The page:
Public response to the shooting death of Trayvon Martin evidenced a drastic schism in community values. To some, the problem of "Stand Your Ground" represents purely a race issue that not only perpetuates endemic racial tensions amongst members of society, but also generally protects whites more often than blacks. On the other hand, some view the statutory scheme as a non-racist protection of individual liberties that makes the community safer. These two perspectives lie at the opposite ends of the spectrum, and both perspectives tend to oversimplify a complex issue.
In tracking the media coverage, protests, and commentary related to Florida's most recent "Stand Your Ground" cases, it is readily apparent that the various interest groups and individuals weighing in are sharply divided. This disagreement occurs for two principle reasons. First, the participants embrace fundamentally different value structures, so their acceptance of the legitimacy of Florida's "Stand Your Ground" law will naturally create dissonance. Second, most viewpoints being advanced are far too myopic to account for the multi-faceted issues presented by Florida's version of "Stand Your Ground."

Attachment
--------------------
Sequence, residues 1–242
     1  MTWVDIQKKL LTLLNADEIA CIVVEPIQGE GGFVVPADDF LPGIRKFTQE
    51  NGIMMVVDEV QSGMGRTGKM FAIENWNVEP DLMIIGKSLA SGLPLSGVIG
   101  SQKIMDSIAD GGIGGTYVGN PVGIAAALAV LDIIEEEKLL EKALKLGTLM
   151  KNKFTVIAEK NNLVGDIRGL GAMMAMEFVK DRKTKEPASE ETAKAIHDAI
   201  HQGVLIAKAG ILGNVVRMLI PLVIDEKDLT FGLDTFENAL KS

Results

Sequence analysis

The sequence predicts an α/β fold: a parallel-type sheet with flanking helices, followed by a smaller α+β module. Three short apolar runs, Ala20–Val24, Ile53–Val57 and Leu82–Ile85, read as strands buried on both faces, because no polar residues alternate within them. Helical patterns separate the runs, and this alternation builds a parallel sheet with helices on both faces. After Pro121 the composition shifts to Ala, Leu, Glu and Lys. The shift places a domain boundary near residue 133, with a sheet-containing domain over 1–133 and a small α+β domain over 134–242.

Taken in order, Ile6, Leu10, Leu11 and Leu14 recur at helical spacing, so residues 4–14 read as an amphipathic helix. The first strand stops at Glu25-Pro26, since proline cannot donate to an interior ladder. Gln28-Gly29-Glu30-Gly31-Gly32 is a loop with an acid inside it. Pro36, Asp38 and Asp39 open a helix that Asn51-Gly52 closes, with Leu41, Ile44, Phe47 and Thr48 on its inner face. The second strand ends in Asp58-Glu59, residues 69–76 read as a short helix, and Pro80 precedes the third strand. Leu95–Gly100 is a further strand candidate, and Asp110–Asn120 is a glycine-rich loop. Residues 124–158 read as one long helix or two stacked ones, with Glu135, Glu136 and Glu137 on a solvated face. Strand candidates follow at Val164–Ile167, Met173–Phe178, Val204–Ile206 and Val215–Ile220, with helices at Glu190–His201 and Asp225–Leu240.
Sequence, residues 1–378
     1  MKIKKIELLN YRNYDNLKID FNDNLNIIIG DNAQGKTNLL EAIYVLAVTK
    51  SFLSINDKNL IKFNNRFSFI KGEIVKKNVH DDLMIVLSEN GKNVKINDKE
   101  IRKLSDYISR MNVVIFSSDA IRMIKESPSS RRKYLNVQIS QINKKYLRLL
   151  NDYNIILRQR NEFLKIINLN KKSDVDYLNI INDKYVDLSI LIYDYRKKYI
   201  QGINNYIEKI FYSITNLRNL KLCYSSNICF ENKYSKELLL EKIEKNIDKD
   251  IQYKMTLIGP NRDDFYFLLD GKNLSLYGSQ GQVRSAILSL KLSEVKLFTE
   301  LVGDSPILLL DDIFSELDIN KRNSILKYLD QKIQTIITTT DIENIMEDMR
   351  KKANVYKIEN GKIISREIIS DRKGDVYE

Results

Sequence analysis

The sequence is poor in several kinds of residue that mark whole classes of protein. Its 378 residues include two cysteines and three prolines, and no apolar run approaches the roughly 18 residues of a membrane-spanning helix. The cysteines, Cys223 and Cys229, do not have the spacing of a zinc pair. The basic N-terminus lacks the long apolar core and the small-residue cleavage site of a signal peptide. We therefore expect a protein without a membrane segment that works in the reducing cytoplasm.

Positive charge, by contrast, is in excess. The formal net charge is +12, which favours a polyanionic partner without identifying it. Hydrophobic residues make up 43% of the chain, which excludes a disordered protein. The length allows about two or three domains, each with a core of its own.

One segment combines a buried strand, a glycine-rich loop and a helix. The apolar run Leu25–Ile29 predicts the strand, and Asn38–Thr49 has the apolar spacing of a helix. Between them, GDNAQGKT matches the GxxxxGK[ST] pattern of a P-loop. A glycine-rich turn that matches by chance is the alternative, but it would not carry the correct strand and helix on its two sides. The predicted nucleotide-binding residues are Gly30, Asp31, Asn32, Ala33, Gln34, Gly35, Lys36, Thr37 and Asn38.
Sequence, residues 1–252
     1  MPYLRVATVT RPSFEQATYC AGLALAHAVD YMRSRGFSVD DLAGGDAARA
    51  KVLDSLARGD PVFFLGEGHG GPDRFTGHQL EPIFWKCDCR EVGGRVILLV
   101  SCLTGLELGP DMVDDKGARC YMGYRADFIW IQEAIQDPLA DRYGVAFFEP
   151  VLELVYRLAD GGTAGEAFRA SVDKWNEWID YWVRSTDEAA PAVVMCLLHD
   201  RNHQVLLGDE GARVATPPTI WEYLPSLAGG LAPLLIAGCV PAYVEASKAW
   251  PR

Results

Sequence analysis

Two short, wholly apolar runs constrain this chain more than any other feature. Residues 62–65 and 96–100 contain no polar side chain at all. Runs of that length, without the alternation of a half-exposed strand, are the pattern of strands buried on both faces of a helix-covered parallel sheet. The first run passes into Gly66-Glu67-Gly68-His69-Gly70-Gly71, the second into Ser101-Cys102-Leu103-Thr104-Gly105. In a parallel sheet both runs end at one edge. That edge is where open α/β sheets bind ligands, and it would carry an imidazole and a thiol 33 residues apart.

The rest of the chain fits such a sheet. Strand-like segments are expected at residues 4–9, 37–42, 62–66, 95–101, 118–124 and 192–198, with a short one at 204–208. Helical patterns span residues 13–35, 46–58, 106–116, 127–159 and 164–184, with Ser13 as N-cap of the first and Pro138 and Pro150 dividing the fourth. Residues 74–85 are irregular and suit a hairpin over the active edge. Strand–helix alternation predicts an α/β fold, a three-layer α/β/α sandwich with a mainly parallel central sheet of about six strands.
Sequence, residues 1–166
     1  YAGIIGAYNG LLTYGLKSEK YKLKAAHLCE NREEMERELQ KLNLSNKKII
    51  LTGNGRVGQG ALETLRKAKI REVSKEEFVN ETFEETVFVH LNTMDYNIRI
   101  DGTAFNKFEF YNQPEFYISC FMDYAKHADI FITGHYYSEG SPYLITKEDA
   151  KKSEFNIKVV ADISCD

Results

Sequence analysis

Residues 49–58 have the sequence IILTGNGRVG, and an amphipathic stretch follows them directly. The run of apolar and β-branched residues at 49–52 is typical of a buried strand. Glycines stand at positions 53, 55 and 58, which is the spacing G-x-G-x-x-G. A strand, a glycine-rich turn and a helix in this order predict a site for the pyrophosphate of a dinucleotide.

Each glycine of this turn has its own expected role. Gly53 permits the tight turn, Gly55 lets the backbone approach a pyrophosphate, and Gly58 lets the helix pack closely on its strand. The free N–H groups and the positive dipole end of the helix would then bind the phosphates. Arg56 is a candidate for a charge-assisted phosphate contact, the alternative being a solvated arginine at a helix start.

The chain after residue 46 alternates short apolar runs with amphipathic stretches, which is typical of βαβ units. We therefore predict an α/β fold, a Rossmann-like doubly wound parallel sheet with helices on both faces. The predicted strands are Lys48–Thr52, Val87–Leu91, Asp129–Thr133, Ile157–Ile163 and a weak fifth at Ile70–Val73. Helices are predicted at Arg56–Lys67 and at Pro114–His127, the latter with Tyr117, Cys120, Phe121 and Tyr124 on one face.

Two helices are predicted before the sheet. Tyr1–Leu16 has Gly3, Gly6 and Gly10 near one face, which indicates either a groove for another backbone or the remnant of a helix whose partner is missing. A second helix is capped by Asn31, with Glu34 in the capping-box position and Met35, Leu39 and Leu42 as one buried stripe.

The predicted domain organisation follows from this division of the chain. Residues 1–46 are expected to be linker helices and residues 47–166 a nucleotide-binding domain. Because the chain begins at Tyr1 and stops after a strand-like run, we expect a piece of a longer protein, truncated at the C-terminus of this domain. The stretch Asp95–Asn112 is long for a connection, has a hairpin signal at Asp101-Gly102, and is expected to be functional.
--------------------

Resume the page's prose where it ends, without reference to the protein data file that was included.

This Article attempts to account for each of the competing viewpoints related to the statutory scheme. This author's position is that in legalizing certain types of homicide by decriminalizing killings and other acts of violence involving self-defense, Florida has exchanged respect for human dignity with cold self-import. To examine the process by which this transformation occurred, this Article relies on a jurisprudential model, created by Yale professors Harold Lasswell and Myres McDougal, for the preservation of human dignity. It is important to note that this theory of legal inquiry was intended to be applicable to both micro and macro analyses, though most scholars have employed it as a tool for studying international law and politics. The peculiar feature of this model, however, is that it also specifically contemplates individuals, making it uniquely suited to the inquiry of any legal system.
Elizabeth Megale, A Call for Change: A Contextual-Configurative Analysis of Florida’s “Stand Your Ground” Laws, 68 U. Miami L. Rev. 1051 (2014).